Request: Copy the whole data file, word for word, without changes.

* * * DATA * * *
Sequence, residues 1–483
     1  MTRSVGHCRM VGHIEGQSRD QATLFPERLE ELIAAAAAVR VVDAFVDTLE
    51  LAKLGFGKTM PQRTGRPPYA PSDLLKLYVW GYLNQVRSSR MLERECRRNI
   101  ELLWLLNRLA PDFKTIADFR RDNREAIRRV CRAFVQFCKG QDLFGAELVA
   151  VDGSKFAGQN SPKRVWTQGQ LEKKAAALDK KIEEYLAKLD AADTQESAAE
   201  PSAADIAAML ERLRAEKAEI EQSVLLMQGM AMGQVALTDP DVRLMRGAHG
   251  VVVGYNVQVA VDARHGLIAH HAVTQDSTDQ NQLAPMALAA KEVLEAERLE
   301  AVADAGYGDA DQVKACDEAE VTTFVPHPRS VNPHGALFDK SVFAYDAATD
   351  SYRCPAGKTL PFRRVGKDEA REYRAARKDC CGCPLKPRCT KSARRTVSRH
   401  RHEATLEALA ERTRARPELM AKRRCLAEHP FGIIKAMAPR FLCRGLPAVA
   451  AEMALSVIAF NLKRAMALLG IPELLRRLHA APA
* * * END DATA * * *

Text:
Sequence, residues 1–483
     1  MTRSVGHCRM VGHIEGQSRD QATLFPERLE ELIAAAAAVR VVDAFVDTLE
    51  LAKLGFGKTM PQRTGRPPYA PSDLLKLYVW GYLNQVRSSR MLERECRRNI
   101  ELLWLLNRLA PDFKTIADFR RDNREAIRRV CRAFVQFCKG QDLFGAELVA
   151  VDGSKFAGQN SPKRVWTQGQ LEKKAAALDK KIEEYLAKLD AADTQESAAE
   201  PSAADIAAML ERLRAEKAEI EQSVLLMQGM AMGQVALTDP DVRLMRGAHG
   251  VVVGYNVQVA VDARHGLIAH HAVTQDSTDQ NQLAPMALAA KEVLEAERLE
   301  AVADAGYGDA DQVKACDEAE VTTFVPHPRS VNPHGALFDK SVFAYDAATD
   351  SYRCPAGKTL PFRRVGKDEA REYRAARKDC CGCPLKPRCT KSARRTVSRH
   401  RHEATLEALA ERTRARPELM AKRRCLAEHP FGIIKAMAPR FLCRGLPAVA
   451  AEMALSVIAF NLKRAMALLG IPELLRRLHA APA